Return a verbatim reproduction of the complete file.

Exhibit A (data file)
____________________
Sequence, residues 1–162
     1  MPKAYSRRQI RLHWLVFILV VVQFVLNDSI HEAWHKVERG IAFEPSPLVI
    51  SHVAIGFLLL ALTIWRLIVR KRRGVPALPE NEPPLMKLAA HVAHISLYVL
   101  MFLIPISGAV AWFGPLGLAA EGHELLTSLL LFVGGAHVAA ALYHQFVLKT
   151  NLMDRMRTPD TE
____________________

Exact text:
Sequence, residues 1–162
     1  MPKAYSRRQI RLHWLVFILV VVQFVLNDSI HEAWHKVERG IAFEPSPLVI
    51  SHVAIGFLLL ALTIWRLIVR KRRGVPALPE NEPPLMKLAA HVAHISLYVL
   101  MFLIPISGAV AWFGPLGLAA EGHELLTSLL LFVGGAHVAA ALYHQFVLKT
   151  NLMDRMRTPD TE